He continued, “Thanks to Bobby, we’ve seen what
happens when you don’t get enough oxygen. Now,
who can tell me what happens when you breathe in
oxygen?”
Karen said, “It goes into your lungs.”
“That’s right,” Mr. Porter nodded. “Then what
happens?”
Karen thought for a moment. “Doesn’t it get
absorbed into your bloodstream?” she asked.
“Right again, Karen,” Mr. Porter said. “And
then?”

8

Karen said, “Your blood carries the oxygen to all
different parts of your body—including your brain.
So babies who don’t get enough oxygen can get
cerebral palsy. Their brains don’t get enough oxygen
to help them develop properly.”
“That’s exactly right, Karen. That’s what
happened to Lisa, the girl who is going to join our
class in a few weeks,” said Mr. Porter.
Everyone looked shocked when they heard this.
They all were silent for a moment. Then, suddenly,
everyone started asking questions all at once.
“Can Lisa talk?”
“Can she walk?”
“Is she in a wheelchair?”
“Where will she sit?”
“Where has she been going to school?”

9


Mr. Porter raised his hands to quiet everyone
down. “I’ll try to answer all your questions. Last one
first. She’s been going to a special school up until
now. Her therapist and teachers feel that she is ready
to join us in a regular classroom.

10

Lisa has worked very long and hard. She talks with
a little difficulty, we can get used to that. She wears
braces on her legs, and her gait is a little uneven, but
she can get around on her own. She may not be able
to play basketball, but I hear she’s a whiz at math.”
Karen had her hand in the air. She was sitting
very patiently and quietly, and it was clear she had
something very important to say.
Mr. Porter called on her.
“Mr. Porter, I think I know Lisa. Her mother is a
friend of my mom’s. In fact, Lisa and I were born in
the same hospital. That’s how our moms met. Lisa
was a few months premature. When I started to sit
up and crawl—all Lisa could do was lie there on her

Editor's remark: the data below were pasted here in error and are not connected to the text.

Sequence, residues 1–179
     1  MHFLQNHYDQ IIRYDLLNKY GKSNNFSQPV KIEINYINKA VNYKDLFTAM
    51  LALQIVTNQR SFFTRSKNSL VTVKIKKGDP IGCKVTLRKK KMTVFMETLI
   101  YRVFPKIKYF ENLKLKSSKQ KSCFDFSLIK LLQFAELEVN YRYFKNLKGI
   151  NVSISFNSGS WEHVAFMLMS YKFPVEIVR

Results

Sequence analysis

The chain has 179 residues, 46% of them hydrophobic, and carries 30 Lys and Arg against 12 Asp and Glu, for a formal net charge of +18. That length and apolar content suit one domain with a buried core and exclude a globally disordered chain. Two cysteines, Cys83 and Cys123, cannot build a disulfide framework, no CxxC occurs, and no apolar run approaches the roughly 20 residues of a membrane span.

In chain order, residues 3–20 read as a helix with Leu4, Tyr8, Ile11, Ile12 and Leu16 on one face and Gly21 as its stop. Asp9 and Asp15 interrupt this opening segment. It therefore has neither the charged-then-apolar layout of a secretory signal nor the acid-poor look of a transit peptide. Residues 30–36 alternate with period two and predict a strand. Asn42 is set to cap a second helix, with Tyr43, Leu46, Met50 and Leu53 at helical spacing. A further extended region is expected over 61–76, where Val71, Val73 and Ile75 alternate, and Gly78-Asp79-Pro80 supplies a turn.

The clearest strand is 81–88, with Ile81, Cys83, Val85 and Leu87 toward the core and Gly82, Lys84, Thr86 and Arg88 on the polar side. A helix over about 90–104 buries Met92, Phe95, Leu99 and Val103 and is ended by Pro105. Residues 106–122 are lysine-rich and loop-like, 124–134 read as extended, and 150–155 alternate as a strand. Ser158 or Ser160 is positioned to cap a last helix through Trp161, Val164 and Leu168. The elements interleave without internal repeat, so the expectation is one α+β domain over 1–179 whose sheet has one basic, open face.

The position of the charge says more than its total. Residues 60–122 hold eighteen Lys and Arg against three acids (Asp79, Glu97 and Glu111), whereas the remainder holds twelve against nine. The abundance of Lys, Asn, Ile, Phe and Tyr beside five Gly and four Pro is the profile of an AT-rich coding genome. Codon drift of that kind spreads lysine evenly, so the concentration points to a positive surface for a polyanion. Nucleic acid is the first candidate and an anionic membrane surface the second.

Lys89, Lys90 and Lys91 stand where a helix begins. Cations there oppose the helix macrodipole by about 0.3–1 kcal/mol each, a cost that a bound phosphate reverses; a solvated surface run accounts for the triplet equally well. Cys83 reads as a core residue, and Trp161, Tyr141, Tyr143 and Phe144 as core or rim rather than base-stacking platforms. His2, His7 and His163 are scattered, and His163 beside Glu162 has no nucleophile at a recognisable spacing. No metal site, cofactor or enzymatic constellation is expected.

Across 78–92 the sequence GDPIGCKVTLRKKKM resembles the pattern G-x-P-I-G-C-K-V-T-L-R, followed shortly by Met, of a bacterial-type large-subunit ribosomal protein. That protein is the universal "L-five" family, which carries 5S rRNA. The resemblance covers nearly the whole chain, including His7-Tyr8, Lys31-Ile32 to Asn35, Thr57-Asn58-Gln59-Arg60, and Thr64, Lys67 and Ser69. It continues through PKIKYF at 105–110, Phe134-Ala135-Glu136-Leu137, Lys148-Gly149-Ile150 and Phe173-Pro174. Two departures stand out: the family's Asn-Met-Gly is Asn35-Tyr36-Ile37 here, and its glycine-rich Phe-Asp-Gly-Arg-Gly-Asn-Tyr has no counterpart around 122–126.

abdomen.”
Karen was silent for a moment. “Lisa is a really
brave girl. She’s worked hard to get where she is
today.”
Now the whole class was silent. Then Dave asked,
“Mr. Porter, isn’t there something we could do to
help kids like Lisa?”

11


The class offered lots of ideas for the next hour,
and Mr. Porter listed them on the board. In the end,
they decided they wanted to raise some money
for research on cerebral palsy and other muscular
disorders affecting kids. But how? They went back to
brainstorming.
“We could sell candy,” Franco said.
“No, you know the soccer team is already doing
that,” said Maria. “They’re raising money for a new
field,” she explained.
“Why don’t we put on a show?” Tony suggested.
“We’d charge for the tickets.”

12

“No,” said Maria. “It would take too much time.
We would need a lot of help to put something like
that together.”
“How about a walk-a-thon?” asked Karen.
“That sounds great,” said Dave. “What do we
have to do?”
“Well,” Karen replied, “we can ask people to
volunteer to walk a few miles. We’ll come up with
a day and a route to walk. Before the walk, each
walker will sign up sponsors. Each sponsor will pay a
few dollars for every mile that the person walks.”
“That’s a great idea!” said Tony. “My mom runs in
a race like that every year to raise money.”
“Mr. Porter, tell us what we need to do to set up
this walk-a-thon,” Dave said.

13


“I guess the first thing we need to do,” said
Karen, “is get permission from the school.”
“That’s right,” agreed Mr. Porter. “Who would
like to go to Mr. Forgle and ask him for permission?”
Karen and Dave raised their hands.
That day, after school, Karen and Dave walked
over to Mr. Forgle’s office. Mr. Forgle was their
school principal.
Karen knocked on the door. Then, a loud voice
told them to enter.
Mr. Forgle was a big, bald man who liked to wear
plaid suits.

14

“Karen!” he said, smiling. “Dave! What brings the
two of you here? Not in any trouble, I hope!”
“Not at all,” Karen said. “You see, Mr. Forgle,
Dave and I wanted to ask you for permission.”
“Permission for what?” asked Mr. Forgle.
“Permission to hold a walk-a-thon!” said Dave.
“You see, our class would like to raise money for
research to help kids who have muscular disorders,
Mr. Forgle. We want to hold it here at the school
track.”
“Well,” said Mr. Forgle, “I think it sounds like a
great idea! I love to see students helping a good
cause. You have my full support.”

15


While they were walking home together, Dave
and Karen talked about their plans.
“He said we could do it,” said Dave, “just like
that!”
“I know, Dave,” Karen agreed. “Now comes the
tough part. Getting walkers for a walk-a-thon will
take a lot of hard work. We will have to talk to every
student in the school. We want as many walkers as
possible.”

16

“We also need to ask each walker to get as many
sponsors as possible,” Dave reminded her. “We can
only raise a lot of money if we have a lot of walkers
and a lot of sponsors.”